Over the past decade, our research has taken multiple in-depth looks at the exogenous drivers of what we think of as “alpha availability” among active managers. Our original work focused on smaller AUM managers’ ability to deliver relatively higher levels of alpha in various market environments (“Survival of the Nimble”). In early 2013 we expanded our analysis to identify active manager alpha drivers across markets and through time (“Is Active Equity Management Alpha on Permanent or Temporary Disability”). Building on our prior work, this study looks more in-depth at the concept of alpha availability (Part 1). We analyze the drivers of alpha availability with advanced techniques and higher resolution data (Part 2). Finally, we take a top-down look at the differences in quantitative managers’ return pattern vs. their fundamental peers (Part 3), which our colleagues wrote about earlier this year (“A Challenging Environment for Quant Strategies”).

Note to reader: Our use of the term “manager” represents the collective investment decision-making mechanisms of an investment strategy or portfolio. It includes the investment staff, systems, and quantitative models employed.

Key Takeaways from This Analysis:

  • High Active share is a necessary, but not sufficient condition for high levels of excess return. Active share magnifies the skill (or lack thereof) of the manager. The availability of alpha due to market conditions will have the largest impact on highly active managers.
  • The ideal market for active managers isn’t simply a bear market. In developed markets, active strategies perform best when there is concentrated weakness in benchmarks (a heavily weighted concentration in stocks lagging the index). This is almost always true in bear markets, but it is also common in the early cycle market rebounds.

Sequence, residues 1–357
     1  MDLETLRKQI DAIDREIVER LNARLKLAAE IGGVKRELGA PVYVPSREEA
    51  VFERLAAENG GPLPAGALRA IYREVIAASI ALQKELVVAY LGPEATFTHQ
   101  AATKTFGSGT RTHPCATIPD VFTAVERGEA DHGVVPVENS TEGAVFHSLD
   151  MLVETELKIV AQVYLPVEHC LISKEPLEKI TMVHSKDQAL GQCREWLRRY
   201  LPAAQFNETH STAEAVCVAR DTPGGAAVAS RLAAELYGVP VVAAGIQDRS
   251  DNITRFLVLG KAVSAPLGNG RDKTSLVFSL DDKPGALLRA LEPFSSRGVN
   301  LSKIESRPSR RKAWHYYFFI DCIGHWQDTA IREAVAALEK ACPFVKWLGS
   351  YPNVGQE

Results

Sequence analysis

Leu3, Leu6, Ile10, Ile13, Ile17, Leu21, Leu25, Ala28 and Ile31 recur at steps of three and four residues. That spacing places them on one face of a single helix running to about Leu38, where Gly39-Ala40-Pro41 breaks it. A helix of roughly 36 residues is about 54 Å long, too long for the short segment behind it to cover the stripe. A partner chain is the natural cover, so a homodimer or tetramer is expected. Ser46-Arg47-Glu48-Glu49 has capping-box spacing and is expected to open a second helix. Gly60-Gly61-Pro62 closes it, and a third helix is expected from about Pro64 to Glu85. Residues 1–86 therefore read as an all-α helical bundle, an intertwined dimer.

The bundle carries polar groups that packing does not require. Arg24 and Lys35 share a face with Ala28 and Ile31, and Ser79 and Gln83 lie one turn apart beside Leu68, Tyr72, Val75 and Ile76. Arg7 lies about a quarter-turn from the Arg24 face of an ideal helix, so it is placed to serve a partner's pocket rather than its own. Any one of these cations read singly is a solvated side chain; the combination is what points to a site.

• Periods of large, concentrated benchmark weakness are infrequent and difficult to predict. More actionable factors that coincide with high levels of alpha availability are a low to moderate liquidity environment, moderate levels of factor skew, low correlations amongst stocks and well-defined expectations for economic policy.
  • The drivers of alpha availability are unique to the markets they operate in as well as the investment approach. There are distinct factors which benefit quantitative managers over fundamental managers and vice versa.

Part 2

Quantifying Alpha Availability

In Part 1 of this study we provide evidence supporting the validity of alpha availability; the idea that the macro environment and market dynamics will impact active managers’ ability to beat their benchmark and style. Now, we use the median manager’s performance within a universe as a proxy for alpha availability to identify those explanatory factors. We chose all actively managed SMA products with at least 3 years of history in 3 broad categories. U.S. Large Cap, Non-U.S. Large Cap, and Emerging Markets. For every 12 months, ending 12/31/1998 through 12/31/2020, we calculate the products’ gross excess return vs. the best-fitting benchmark.1 This last step is extremely important and a noticeable improvement upon prior work we have done. Matching each strategy to the most appropriate benchmark (Value, Growth, or Core) provided 2 distinct benefits; we significantly broaden our universe by including dedicated value and growth products and we remove the style bias from managers that have incorrectly classified themselves in the database (which is very common in the non-U.S. and EM universes).

Jump to Section

Quantifying Alpha Availability | Page 2
Selecting Explanatory Variables | Page 4
Analysis 1 | Page 7
Concentrated Gains and Losses | Page 10
Finding Actionable Insights | Page 11
Analysis 2 | Page 11
Variables & Analysis | Page 13
Summary | Page 16
Actionable Takeaways | Page 17
Conclusion | Page 20